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Mixed Martial Arts: A Misconceived Perception of a Legitimate Discipline

by: Vania Asmerian – 02/20/10

Vania Asmerian

Vania AsmerianMixed Martial Arts fighters are commonly stereotyped as being violent, and are often labeled “angry, aggressive, and emotionally driven”. In order to examine where these misconceptions stem from, I have spent several weeks getting to know them to better understand what makes these combat sports athletes who they are and what they do. My time spent with them, has led me to the conclusion that not only are fighters falsely stereotyped, but also in fact, are no different then you or me: good people simply trying to achieve their goals. In addition, what I found most often goes unnoticed, is the heart it takes for these fighters to pursue their dreams. It is not only physically exhausting, but also mentally draining.

This underlying commonality led me to question the Hyefighters’ convictions, which in turn, drove my curiosity further. Why would anyone subject themselves to this level of affliction? What would drive a man to stand face to face in a ring or a cage with another man and choose to use brutal violence as a barometer for victory? For Hyefighter WEC lightweight Manny Gamburyan, it was an escape from his troubles in school. In the safety of the cage, he found refuge, a place to release his frustrations. He gained focus and learned to regain control of his entire being. “I was always getting into trouble, so finally my dad told me that I need to go train and took me to Gokor Chivichyan Hayastan Academy, in North Hollywood, and that changed my life.” For another Hyefighter, WEC lightweight Karen Darabedyan, training began at a very early time in his life, at the tender age of five, in many different techniques, such as karate, boxing, judo, stand-up and grappling. He, along with his fellow HyeFighters, such as Bellator featherweight Georgi Karakhanyan and Strikeforce light-heavyweight Champion Gegard Mousasi, are to maintain a strict diet, train intensively, and endure the strikes and blows that come with the sport. It is a lifestyle. As the mainstream market continues struggling to accept and follow MMA, I feel it is my responsibility to shine light on this art form and help tear town the “bruitish” stereotypes that surround the sport.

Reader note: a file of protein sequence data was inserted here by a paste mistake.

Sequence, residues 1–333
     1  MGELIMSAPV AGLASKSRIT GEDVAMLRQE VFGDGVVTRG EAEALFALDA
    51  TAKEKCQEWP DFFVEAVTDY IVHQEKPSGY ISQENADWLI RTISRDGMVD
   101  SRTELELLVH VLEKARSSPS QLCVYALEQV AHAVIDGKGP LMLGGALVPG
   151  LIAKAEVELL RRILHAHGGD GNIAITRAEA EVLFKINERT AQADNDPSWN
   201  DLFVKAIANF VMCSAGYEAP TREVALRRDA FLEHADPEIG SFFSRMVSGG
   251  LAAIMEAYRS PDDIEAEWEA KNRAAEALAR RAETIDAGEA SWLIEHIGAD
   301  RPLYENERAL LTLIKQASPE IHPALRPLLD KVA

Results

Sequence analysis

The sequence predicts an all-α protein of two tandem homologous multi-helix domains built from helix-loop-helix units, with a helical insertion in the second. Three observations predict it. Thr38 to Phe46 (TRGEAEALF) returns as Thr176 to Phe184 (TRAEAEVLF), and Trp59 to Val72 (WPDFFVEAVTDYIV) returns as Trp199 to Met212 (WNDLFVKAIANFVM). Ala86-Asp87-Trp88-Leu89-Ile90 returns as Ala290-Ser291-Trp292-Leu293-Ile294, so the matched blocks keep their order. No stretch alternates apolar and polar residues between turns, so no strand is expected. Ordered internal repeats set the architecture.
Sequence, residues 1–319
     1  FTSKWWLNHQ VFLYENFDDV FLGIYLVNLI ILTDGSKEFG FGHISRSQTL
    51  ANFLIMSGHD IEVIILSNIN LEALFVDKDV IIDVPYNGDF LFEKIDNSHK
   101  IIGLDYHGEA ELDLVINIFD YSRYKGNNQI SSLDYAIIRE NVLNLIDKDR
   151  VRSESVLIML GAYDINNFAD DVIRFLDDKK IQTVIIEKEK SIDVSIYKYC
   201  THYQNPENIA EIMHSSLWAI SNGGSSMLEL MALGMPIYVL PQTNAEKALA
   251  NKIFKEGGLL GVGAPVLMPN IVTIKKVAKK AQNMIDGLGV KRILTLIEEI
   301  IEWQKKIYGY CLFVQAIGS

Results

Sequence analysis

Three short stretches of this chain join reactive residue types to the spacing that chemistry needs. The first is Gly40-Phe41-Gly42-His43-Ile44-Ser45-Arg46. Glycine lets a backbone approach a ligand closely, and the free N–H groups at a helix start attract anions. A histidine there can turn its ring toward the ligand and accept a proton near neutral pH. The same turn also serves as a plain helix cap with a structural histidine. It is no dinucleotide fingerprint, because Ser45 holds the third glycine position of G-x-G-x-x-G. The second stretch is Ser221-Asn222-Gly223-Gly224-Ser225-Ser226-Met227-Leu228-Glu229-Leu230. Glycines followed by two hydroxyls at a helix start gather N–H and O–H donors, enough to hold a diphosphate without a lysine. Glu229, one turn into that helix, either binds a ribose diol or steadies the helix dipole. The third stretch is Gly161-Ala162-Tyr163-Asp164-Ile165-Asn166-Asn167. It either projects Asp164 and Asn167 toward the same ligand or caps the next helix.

So, I dug deeper into the realms of the the daily life of an Armenian fighter. It was not all glitz and glamour. The twice-a-day tedious training takes a major toll on an individual’s body, both physically and mentally. The change in diet to cut weight, sometimes up to 20 pounds, is overwhelming at times, and quite difficult. The change in lifestyle is in itself tiresome. Yet, the rush of adrenaline and sweet taste of victory are an unmatched reward to the energy that goes into transforming into a professional fighter. Having a dream that comes to life is something that everyone strives for in this world. The pursuit of happiness has inspired many Armenian fighters to plot their paths to greatness, or downfall, depending on their level of commitment. I now thoroughly understand. My goal is to allow others to step into a fighters shoes and try to appreciate their chosen profession as an art form and not a form of attack.

Editor’s note: Vania Asmerian will be contributing regularly to HyeFighters.com

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